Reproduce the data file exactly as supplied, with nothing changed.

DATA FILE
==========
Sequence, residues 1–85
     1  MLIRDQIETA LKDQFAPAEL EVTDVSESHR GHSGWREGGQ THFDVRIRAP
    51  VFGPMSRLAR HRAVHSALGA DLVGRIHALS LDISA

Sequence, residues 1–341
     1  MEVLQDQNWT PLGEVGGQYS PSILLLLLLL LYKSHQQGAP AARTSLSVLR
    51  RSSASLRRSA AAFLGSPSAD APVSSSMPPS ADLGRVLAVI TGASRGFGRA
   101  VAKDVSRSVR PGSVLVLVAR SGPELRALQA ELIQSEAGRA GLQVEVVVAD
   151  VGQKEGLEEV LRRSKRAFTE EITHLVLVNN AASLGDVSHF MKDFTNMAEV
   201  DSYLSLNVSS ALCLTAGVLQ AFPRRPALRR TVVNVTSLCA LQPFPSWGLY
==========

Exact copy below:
Sequence, residues 1–85
     1  MLIRDQIETA LKDQFAPAEL EVTDVSESHR GHSGWREGGQ THFDVRIRAP
    51  VFGPMSRLAR HRAVHSALGA DLVGRIHALS LDISA

Sequence, residues 1–341
     1  MEVLQDQNWT PLGEVGGQYS PSILLLLLLL LYKSHQQGAP AARTSLSVLR
    51  RSSASLRRSA AAFLGSPSAD APVSSSMPPS ADLGRVLAVI TGASRGFGRA
   101  VAKDVSRSVR PGSVLVLVAR SGPELRALQA ELIQSEAGRA GLQVEVVVAD
   151  VGQKEGLEEV LRRSKRAFTE EITHLVLVNN AASLGDVSHF MKDFTNMAEV
   201  DSYLSLNVSS ALCLTAGVLQ AFPRRPALRR TVVNVTSLCA LQPFPSWGLY